- Text: Text fonts are generally used on certificates, diplomas, and invitations. They provide the look and feel of old-world as they are based on the religious books of monks.
- Display: Display fonts are designed to be used as attention-getting headline fonts. They are mostly used in print design, headlines, or any other sort of text that needs attention.
- Script: Script typefaces are based on handwriting or calligraphy, therefore the letters are designed to touch one another. They are typically used for logos or invitations. It is recommended not to use script typefaces in all-caps.
- Dingbats: Dingbats consists of small pieces of art, symbols, and ornaments instead of letters. They are used to enhance the design of page or text. For instance, Wingdings is the widely used dingbats.
Other Typographic Terms
While font, typefaces and the various classifications of typefaces, form the very basis of typography, there are scores of other terms which help in crafting the letters. Here is a basic overview of the typographic terms used for specifying line-height, letter form, word-spacing, etc.
Kerning: Originally Kerning referred to the process of adjusting the space between individual characters in a letter, so as to have a uniform space between each character. In digital world however, the space between two characters can be referred to as kerning.
Tracking: Tracking refers to the amount of space between a group of letters to affect density in a line or block of text. It should not be confused with Kerning. While kerning is the space between two characters (to bring the letters closer together), tracking adjusts the letters further apart.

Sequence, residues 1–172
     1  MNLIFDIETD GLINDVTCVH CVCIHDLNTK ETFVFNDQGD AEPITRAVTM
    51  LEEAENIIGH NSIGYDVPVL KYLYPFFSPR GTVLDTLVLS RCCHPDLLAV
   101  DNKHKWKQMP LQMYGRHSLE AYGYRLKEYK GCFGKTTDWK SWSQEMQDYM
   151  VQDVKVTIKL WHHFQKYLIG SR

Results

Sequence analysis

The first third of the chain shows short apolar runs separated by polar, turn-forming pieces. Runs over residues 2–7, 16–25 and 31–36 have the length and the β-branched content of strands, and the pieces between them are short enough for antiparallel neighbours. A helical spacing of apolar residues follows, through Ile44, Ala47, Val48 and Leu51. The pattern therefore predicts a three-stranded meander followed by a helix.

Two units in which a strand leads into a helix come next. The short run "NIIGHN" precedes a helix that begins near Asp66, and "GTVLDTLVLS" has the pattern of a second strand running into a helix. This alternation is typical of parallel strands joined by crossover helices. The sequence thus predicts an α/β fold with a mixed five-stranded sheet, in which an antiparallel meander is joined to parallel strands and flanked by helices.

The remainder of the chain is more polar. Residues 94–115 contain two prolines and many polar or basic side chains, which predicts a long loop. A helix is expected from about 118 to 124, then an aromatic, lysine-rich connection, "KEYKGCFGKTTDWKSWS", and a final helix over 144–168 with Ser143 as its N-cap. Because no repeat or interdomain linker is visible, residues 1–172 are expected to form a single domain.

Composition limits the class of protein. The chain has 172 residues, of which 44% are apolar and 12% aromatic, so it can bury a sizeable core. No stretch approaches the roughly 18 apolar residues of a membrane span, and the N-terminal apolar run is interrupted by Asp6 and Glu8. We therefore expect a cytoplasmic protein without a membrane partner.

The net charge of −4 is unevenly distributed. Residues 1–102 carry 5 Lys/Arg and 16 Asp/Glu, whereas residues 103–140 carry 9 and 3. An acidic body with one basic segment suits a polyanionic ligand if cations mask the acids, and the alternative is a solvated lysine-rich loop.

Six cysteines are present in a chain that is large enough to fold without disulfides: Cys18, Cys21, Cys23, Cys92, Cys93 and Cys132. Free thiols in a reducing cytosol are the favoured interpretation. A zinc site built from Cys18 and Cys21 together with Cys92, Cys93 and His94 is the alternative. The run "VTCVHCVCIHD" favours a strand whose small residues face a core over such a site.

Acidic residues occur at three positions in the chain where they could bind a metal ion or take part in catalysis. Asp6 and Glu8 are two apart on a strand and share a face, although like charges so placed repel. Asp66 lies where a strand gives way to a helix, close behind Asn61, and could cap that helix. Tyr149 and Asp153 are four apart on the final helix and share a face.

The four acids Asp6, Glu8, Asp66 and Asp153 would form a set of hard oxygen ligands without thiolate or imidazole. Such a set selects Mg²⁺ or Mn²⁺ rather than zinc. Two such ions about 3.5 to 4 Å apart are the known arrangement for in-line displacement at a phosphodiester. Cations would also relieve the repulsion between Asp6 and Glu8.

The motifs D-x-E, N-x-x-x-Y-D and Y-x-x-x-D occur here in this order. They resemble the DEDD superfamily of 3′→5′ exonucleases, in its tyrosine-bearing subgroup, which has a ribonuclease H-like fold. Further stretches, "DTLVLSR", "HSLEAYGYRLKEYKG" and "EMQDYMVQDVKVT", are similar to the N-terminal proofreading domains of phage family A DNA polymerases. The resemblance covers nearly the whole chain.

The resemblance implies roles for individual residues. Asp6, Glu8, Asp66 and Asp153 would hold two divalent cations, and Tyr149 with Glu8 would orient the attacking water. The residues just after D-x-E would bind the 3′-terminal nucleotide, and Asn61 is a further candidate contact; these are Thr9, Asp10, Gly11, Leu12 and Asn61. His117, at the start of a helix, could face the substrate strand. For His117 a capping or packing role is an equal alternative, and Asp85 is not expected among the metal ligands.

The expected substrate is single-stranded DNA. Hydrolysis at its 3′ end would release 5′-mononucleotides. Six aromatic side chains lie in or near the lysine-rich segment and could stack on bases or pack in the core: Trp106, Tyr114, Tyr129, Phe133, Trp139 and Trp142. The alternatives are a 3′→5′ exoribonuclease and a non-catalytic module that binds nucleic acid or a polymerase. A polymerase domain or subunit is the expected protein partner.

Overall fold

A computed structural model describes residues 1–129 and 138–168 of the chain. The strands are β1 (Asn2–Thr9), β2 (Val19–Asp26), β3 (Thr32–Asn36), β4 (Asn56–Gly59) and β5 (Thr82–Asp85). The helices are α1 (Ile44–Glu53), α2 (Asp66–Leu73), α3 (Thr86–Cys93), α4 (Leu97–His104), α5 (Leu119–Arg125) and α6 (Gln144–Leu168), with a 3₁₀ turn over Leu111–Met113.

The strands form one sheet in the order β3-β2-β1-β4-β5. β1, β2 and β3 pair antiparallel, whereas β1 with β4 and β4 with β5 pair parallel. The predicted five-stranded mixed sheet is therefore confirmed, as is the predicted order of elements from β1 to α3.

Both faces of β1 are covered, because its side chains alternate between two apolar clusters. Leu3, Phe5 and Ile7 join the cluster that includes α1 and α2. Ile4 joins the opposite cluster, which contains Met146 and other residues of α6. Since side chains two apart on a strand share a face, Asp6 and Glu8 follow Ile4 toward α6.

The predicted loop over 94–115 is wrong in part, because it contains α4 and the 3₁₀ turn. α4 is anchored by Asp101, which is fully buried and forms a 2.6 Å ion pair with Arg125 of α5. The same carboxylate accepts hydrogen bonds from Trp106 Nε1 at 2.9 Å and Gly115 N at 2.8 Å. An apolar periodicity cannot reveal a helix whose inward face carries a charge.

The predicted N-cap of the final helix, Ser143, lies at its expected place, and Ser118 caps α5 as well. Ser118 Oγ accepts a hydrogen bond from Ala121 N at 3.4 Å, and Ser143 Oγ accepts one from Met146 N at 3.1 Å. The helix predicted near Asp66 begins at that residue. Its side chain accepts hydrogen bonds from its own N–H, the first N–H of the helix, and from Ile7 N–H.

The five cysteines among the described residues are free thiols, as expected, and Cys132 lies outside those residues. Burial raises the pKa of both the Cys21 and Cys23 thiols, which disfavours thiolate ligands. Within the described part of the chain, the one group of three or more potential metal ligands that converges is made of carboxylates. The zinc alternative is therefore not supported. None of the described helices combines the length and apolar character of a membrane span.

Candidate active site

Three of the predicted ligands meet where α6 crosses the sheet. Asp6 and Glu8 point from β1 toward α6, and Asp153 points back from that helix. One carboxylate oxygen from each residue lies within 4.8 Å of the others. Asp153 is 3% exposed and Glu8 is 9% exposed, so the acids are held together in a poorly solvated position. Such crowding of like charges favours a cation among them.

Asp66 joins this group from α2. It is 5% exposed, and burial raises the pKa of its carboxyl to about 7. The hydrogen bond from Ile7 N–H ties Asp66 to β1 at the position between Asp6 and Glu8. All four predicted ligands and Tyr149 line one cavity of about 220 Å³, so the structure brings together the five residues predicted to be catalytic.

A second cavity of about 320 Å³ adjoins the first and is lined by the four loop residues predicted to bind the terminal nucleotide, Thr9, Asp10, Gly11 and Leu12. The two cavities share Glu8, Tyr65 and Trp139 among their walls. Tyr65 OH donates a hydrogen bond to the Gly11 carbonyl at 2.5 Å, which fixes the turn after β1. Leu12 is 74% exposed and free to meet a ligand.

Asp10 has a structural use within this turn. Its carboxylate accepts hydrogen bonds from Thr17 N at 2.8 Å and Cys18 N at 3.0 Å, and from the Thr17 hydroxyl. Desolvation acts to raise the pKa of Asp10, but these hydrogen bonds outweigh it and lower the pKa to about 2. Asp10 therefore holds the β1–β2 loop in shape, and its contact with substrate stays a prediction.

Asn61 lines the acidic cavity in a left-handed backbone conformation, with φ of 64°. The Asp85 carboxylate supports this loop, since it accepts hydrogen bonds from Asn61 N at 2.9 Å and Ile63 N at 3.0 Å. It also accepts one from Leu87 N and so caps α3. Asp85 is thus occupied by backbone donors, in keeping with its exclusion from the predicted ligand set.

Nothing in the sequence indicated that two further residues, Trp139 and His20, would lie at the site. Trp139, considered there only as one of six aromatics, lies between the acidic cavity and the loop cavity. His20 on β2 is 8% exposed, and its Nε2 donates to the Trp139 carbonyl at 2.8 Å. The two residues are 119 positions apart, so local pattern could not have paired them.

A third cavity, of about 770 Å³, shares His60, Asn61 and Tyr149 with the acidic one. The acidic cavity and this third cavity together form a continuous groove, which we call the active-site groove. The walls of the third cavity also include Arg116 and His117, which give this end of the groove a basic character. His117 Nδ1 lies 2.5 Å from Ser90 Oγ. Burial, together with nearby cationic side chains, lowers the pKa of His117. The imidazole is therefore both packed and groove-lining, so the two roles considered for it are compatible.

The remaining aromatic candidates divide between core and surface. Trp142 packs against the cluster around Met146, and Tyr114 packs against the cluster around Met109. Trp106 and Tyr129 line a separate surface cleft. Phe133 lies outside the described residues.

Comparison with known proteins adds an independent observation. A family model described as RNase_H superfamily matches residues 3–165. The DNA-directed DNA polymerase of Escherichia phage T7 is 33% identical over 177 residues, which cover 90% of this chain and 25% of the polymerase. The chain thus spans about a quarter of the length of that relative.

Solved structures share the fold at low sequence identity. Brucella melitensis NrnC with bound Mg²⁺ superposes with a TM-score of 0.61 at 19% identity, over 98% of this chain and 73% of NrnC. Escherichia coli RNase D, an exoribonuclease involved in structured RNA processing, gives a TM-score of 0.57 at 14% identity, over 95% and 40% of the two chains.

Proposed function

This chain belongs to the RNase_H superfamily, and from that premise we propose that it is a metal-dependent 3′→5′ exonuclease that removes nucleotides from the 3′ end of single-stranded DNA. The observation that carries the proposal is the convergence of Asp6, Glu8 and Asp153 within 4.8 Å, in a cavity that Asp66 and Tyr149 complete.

Leading or Line Spacing: The vertical line spacing of text is known as Leading. In CSS leading is set by specifying the line-height.
Measure: Measure refers to the width of a block or column of text from the left margin to the right margin. It simply refers to the length of a legible line.
Alignment: Alignment refers to setting of text flow or image placement relative to a page or column. Text alignment can be set to left, right, center or justified; just like the way word-editors align the text.
Hyphens, En-dashes and Em-dashes: Hyphens, En-dash, Em-dash — all of them are there for some different objective or purpose. It is necessary to understand the difference between them.
- Hyphen (-): Hyphen is a punctuation used to join complex words. It is shorter in length as compared to en-dash and em-dash.
- En-dash(–): En-dash is half the width of em-dash. It is generally used to indicate a close range of numeric values, span of time (10AM – 5PM) or age (18 – 21 years) for instance.
- Em-dash(—): Among the three Em-dash is the longest. It is used to indicate a break in thought or to separate a thought within a sentence. It can also be used to replace comma, colon or parenthesis.
Typeface Anatomy: Each typeface is made up of different elements which together give a unique identity to a particular typeface. Here are the common ones:
- Cap Height: Cap height is the height of an uppercase letter and is measured from the baseline to the top.
- X-height: X-height is the height of a lowercase letter and it does not include ascenders and descenders.
- Ascender: Ascender is the upper part of a lowercase character that extends above the x-height. Ascender is present in characters like b, d, f, h, etc.
- Descender: Descender is the bottom part of a lowercase character that descends below the baseline. Descender is found in characters like g, j, p, q, etc.
These are some of the common elements of typographic anatomy, you can learn more about anatomy of types here.
Learning about the most common typographic terms is the first step towards the bigger screen called the Typography. Typography is nothing more than the amalgamation and pixel-perfect implementation of its various elements, which obviously requires you to pay a lot of attention to the details. So, here are some articles, which help create a sound base for extending your typographic knowledge.